It’s been a couple of months since our last Friday Flashback. Here’s one from an April 2006 Seattle Times article written by our old friend Elizabeth Rhodes: $405,000 Median house price in King County
Ann Dickhoff’s house purchase typifies a milestone in more ways than one.
Like many other parents of adult children, Dickhoff was afraid her son would be priced out of homeownership in his hometown.
So last month she helped him buy a North Seattle rambler, gulping as she paid $409,000 — or $89,000 more than she shelled out a year earlier for a nicer house half a block away.
Dickhoff and her husband, Walton, an administrator for the National Oceanic and Atmospheric Administration, had to pay $320,000 last year to snag a small Greenwood-area bungalow for her mother. “That was our wake-up call,” she said, to climbing prices and the possibility that homeownership for her kids was in jeopardy.
Indeed that’s a serious possibility for many residents, according to Washington State University’s Center for Real Estate Research. Average-wage workers, in particular, are susceptible to the double whammy of rising house prices and rising interest rates.
In the past year, the average interest rate on a 30-year, fixed-rate loan has climbed half a percentage point to 6.5 percent.
Can you imagine how shrill the media frenzy would be if rates today were anywhere near 6.5 percent?
In January, Ann Dickhoff, a nurse at Swedish Medical Center, began hunting for a house to buy for son Paul, 21, a cheese maker at Pike Place Market, to live in with roommates. A real-estate agent warned her the first one she bid on would sell for more than its $400,000 list price.
So the Dickhoffs bid $416,000 — and added a $30,000 escalator clause in case a bidding war broke out.
It did, and they lost that house to a $450,000 all-cash offer.
That made clear to her that “the market was taking off, and if we were ever going to buy something for the kids to live in, we’d better make a move.”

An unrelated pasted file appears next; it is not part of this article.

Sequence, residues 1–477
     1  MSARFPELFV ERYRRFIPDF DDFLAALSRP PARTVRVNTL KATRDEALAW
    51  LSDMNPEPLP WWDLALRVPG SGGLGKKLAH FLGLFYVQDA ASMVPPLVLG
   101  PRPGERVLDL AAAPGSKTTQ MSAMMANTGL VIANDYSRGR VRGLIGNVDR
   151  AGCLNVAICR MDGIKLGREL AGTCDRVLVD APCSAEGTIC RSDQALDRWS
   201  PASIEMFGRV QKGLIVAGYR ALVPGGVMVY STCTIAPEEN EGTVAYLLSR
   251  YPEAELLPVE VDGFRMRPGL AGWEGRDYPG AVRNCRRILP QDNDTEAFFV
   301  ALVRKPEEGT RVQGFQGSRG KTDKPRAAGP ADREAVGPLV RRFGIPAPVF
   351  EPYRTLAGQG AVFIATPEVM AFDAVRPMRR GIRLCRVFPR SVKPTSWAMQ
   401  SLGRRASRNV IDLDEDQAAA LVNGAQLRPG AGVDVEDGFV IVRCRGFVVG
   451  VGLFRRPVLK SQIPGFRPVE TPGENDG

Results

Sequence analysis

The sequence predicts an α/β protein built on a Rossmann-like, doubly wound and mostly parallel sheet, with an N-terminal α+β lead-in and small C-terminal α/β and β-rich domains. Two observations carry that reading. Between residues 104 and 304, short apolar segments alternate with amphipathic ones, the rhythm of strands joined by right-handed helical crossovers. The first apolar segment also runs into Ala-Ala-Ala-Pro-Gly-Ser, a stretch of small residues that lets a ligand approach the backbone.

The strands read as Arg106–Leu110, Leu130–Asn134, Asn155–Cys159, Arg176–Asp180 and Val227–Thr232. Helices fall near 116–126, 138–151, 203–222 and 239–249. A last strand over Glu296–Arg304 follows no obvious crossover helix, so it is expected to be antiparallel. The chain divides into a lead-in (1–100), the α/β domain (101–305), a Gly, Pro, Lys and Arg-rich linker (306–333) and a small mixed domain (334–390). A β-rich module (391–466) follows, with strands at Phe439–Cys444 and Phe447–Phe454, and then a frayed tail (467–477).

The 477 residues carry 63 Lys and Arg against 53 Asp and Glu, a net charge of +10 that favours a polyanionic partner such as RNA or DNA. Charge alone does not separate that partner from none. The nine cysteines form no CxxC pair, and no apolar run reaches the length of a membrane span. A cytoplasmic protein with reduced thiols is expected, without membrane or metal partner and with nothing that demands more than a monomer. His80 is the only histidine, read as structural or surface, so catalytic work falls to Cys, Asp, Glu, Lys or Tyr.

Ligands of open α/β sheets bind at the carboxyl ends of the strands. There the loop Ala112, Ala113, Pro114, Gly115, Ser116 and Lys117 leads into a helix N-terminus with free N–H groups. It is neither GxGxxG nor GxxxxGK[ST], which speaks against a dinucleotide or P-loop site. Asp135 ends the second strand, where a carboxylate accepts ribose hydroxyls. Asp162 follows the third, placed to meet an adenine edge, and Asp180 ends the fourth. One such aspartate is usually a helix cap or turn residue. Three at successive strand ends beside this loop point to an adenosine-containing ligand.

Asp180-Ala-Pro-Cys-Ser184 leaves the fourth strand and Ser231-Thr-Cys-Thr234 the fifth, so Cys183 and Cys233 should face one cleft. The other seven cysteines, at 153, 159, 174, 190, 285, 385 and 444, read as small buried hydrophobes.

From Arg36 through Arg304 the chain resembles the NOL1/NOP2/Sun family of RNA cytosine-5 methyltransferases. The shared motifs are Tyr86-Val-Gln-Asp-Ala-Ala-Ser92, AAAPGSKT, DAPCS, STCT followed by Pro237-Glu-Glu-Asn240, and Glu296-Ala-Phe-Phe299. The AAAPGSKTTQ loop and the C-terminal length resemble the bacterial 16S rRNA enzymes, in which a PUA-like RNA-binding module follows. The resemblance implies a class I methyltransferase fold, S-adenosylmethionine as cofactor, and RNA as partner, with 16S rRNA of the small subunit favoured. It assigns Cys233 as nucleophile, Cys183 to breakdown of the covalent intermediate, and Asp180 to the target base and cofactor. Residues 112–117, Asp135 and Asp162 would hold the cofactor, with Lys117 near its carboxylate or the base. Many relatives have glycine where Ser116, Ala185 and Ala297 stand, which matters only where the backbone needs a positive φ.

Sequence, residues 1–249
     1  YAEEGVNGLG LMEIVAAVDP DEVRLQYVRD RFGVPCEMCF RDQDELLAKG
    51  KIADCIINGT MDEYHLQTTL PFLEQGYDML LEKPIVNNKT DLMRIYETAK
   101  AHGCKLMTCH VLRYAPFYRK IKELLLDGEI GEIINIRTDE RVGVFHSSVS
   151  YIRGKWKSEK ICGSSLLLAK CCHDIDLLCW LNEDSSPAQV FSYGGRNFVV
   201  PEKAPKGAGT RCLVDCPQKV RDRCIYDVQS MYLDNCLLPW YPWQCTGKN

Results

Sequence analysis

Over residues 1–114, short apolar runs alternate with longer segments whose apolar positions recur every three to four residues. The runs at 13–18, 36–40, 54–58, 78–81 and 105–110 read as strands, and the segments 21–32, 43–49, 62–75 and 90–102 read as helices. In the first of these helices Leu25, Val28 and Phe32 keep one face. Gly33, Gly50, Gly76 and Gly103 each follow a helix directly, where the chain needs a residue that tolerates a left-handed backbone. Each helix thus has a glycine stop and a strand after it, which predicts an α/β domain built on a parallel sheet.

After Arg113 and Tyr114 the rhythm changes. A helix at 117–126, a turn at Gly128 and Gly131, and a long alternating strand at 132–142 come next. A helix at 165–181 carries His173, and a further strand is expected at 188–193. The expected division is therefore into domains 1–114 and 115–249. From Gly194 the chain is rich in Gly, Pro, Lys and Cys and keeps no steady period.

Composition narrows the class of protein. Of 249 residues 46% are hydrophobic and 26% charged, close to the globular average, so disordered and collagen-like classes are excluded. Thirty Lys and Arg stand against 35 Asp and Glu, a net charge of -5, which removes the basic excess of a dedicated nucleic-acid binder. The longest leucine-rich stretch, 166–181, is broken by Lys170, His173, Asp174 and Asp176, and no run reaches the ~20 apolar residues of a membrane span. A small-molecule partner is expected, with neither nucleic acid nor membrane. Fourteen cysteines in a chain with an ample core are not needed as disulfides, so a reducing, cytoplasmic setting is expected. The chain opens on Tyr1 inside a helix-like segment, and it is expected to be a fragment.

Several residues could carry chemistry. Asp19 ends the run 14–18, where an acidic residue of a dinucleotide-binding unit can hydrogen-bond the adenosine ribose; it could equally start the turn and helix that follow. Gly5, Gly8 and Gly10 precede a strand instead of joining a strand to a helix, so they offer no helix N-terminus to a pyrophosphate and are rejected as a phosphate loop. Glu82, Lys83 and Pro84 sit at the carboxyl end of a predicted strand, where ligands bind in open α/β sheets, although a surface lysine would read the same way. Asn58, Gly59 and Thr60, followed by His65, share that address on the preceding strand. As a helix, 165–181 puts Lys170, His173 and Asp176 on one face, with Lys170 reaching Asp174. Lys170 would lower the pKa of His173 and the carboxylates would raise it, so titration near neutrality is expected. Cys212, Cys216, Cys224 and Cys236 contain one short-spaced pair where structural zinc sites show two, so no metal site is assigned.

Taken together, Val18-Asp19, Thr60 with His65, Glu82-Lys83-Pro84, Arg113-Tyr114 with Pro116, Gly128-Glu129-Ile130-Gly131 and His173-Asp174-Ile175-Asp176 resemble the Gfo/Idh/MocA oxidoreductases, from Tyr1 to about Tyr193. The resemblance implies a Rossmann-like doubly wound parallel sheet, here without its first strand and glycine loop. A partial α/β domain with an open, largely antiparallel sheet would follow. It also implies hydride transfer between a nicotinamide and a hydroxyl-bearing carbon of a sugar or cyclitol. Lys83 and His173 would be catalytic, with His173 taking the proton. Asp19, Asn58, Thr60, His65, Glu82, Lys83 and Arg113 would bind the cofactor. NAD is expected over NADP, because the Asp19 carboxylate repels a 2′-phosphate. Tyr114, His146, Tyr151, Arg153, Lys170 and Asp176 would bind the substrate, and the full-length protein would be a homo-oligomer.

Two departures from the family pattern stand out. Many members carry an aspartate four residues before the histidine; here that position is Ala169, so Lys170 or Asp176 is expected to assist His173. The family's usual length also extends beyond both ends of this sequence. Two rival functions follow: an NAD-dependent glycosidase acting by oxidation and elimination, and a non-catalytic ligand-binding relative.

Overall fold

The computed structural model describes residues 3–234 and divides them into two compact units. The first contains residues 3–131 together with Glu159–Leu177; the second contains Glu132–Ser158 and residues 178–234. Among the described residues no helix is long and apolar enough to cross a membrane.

They quickly did, landing for $409,000 a newly refurbished 1950s three-bedroom with a spacious new garage.
Still, if the market weren’t so hot, “we wouldn’t even have looked at it,” Dickhoff confided. The house is on busy Greenwood Avenue North, and the street noise is significant. Plus a newer townhouse development has consumed its entire backyard.
Good thing those buyers jumped in when they did, or they never would have had another chance!
Ironically, as buyers like the Dickhoffs scramble to find a house, the number of King County home sales has been slipping. That usually indicates a cooling market.
That is the case in California and Florida, where sales are slowing down, according to the National Association of Realtors.
But not here, said Jill Jacobi Wood, owner of Windermere Real Estate.
King County’s median for single-family homes “will stay over $400,000,” she predicted. “There are too many good jobs; it’s too desirable a place to live for high-income people.”
Except for four and a half years between 2008 and 2013. Also note that $400,000 in 2006 dollars is roughly equivalent to $462,000 now. The latest median price for King County was $417,500 in May.
Here’s what I had to say about this particular nonsense when it was originally posted: Perplexing March Reporting